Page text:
In their textbook, Cinemetrics: Architectural Drawing Today, Brian McGrath and Jean Gardner situate architecture on a continuum with users and the natural and built environments, using three classic films—Ozu’s Early Spring, Godard’s Contempt, and Cassavetes’ Faces—as exercises. McGrath’s digital drawings, which bridge the gap between 2D and 3D, “erase traditional distinctions between the body, a building, a road, the river, and the country. Everything’s ‘flowing matter flux’; it’s all connected and not fixed in time.” The authors aimed to shift design paradigms and to harness the power of technology to create designs. “Our work involves research in media studies, biology, ecology, and philosophy,” McGrath says.
“The complexity of today’s problems is huge,” says Gardner. “We’ve been throwing solutions at them for a couple of hundred years, and problems have only intensified. We’ve shifted the emphasis from the idea of design as object, separate and imposed on the landscape, to process and the total environment. So how do you design for a world that is dynamic and organic, not static and inert? Cinemetrics, a fieldwork method combining video, drawing, mapping, and modeling, helps practitioners think about architectural and urban space as a dynamic environment using digital technology. Cinemetrics has given us the tools to begin to truly imagine such a world.”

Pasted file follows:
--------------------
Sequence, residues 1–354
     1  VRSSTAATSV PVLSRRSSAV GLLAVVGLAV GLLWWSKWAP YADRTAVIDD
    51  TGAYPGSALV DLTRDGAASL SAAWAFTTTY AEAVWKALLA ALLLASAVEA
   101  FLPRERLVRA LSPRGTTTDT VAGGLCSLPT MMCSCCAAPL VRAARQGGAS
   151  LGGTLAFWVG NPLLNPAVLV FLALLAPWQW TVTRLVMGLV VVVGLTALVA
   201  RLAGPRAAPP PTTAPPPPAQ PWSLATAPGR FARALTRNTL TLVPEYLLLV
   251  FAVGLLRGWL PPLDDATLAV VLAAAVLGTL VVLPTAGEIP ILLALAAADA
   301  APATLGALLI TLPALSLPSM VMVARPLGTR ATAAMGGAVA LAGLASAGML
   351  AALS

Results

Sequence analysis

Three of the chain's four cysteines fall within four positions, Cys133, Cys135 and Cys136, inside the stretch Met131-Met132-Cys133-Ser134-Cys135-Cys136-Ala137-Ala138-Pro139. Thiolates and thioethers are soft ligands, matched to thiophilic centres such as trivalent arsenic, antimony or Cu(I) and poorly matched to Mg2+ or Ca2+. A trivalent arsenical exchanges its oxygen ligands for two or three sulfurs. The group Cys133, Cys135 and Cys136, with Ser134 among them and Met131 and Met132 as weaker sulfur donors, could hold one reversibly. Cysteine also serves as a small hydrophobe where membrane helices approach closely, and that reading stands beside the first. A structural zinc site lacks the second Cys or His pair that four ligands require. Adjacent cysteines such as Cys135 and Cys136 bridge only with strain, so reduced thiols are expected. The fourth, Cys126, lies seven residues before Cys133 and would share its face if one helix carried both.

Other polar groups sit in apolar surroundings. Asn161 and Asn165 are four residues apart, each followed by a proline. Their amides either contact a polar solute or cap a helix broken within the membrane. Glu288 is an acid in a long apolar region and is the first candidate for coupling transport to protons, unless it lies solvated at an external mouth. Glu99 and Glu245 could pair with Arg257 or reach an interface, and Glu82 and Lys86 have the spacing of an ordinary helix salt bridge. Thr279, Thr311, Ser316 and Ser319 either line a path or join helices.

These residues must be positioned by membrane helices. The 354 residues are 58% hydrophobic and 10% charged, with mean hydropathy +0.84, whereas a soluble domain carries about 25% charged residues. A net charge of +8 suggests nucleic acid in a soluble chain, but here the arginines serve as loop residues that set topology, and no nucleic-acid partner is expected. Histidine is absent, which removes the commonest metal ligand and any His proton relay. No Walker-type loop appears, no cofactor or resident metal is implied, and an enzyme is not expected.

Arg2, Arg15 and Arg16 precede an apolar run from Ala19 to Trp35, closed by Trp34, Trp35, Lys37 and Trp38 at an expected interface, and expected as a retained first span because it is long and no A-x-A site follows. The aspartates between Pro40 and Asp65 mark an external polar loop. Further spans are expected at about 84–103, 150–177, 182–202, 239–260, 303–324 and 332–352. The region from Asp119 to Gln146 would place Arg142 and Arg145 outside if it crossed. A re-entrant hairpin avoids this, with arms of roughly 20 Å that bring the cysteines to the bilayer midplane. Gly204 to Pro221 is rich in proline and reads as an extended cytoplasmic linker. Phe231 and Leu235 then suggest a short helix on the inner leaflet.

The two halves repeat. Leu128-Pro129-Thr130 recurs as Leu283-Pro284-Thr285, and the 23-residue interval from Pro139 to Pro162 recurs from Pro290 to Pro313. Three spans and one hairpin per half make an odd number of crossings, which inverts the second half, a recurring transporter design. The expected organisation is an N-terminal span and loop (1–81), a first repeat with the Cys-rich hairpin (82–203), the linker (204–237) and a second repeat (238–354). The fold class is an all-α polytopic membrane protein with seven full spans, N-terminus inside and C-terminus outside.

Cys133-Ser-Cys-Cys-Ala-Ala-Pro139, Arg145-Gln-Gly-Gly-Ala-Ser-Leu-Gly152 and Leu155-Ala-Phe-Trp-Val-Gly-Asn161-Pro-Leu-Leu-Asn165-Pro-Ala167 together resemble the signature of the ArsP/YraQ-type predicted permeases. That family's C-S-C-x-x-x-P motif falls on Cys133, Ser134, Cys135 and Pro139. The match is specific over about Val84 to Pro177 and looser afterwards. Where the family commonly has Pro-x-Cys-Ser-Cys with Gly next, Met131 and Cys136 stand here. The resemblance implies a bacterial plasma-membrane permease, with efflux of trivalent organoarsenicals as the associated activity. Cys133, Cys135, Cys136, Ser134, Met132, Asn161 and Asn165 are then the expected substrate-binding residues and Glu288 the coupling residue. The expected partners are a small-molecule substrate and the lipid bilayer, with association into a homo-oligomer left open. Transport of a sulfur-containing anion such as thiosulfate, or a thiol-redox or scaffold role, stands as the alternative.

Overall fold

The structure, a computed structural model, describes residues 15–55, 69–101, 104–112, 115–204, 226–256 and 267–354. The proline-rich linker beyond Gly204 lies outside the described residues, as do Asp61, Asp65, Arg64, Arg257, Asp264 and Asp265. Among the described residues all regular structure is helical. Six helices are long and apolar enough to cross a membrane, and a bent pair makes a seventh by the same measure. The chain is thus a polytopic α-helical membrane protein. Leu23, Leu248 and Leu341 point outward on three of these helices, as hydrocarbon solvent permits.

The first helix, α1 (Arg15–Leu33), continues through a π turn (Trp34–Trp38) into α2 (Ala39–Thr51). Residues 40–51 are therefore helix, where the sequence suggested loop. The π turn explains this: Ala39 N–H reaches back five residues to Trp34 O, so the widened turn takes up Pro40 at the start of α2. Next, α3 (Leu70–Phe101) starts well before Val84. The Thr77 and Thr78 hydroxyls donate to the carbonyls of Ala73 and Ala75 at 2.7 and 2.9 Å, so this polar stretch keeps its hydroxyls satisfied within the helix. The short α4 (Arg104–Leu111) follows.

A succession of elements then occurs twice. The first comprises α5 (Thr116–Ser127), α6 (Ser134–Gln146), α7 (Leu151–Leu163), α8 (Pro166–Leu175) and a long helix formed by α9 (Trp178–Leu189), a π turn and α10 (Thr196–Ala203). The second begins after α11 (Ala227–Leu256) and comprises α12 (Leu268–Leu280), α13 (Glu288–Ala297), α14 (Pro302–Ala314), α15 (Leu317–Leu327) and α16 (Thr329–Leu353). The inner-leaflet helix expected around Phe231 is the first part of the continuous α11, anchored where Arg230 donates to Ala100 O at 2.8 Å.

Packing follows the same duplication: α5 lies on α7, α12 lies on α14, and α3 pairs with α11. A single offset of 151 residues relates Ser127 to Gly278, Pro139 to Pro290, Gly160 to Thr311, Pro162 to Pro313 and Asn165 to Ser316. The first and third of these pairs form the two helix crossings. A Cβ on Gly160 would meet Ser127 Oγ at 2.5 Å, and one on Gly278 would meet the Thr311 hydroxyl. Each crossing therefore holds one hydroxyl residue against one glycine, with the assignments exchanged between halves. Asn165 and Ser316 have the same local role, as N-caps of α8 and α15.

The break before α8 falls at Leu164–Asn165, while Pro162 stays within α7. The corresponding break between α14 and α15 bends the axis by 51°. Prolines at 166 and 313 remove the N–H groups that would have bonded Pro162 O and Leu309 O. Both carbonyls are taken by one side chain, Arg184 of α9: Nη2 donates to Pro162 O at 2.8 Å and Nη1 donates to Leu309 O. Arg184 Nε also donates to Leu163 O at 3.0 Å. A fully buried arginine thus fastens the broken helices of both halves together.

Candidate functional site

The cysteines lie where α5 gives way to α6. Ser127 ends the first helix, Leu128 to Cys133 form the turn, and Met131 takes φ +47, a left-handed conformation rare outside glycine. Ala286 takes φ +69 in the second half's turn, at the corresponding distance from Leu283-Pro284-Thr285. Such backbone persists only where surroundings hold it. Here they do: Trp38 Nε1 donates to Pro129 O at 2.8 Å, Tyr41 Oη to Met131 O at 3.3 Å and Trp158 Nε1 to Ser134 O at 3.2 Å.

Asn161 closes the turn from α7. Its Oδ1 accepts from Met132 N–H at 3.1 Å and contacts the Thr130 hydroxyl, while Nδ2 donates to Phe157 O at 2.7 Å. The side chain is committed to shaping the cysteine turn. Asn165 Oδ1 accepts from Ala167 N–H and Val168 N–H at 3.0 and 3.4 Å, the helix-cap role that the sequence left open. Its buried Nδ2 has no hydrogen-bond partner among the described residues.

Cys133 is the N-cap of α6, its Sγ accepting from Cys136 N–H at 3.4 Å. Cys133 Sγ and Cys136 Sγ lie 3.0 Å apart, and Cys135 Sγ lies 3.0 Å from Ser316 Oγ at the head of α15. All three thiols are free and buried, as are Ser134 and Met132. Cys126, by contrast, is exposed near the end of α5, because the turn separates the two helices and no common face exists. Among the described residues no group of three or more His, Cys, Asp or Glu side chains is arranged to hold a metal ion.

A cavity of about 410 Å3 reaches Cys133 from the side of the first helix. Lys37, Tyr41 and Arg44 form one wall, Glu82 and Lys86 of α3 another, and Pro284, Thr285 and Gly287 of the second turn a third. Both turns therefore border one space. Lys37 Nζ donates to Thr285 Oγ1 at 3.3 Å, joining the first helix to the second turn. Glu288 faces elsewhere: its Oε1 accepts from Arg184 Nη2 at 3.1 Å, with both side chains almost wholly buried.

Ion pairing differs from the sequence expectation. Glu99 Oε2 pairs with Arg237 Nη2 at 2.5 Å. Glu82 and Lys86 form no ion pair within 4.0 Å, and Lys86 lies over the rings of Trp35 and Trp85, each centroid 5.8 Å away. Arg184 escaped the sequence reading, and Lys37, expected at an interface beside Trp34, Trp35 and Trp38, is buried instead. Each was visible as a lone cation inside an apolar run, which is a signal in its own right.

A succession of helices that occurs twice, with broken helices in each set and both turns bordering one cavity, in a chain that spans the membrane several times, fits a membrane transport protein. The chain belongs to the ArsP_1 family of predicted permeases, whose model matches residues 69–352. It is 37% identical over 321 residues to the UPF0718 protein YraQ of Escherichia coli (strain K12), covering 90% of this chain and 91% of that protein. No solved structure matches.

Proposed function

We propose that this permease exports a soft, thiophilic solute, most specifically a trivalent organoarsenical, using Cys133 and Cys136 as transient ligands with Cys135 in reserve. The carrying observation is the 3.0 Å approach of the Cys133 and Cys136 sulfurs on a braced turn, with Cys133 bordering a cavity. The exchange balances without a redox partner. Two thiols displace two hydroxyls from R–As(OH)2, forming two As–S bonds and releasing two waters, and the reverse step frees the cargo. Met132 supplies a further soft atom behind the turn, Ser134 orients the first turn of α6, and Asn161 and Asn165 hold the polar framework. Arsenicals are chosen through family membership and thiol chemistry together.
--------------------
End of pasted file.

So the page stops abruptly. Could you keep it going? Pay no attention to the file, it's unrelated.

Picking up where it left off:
McGrath has taken the idea of Cinemetrics beyond Parsons to workshops in Bangkok, Hong Kong, and Taiwan. “It’s been so popular we’ve founded a Club Cinemetrics on Facebook, and students use YouTube to upload their projects. The technology brings us into the 21st century, where we can study the wicked problems of the world, such as sustainability and ways more and more people can live richer and fuller lives on fewer and fewer resources.”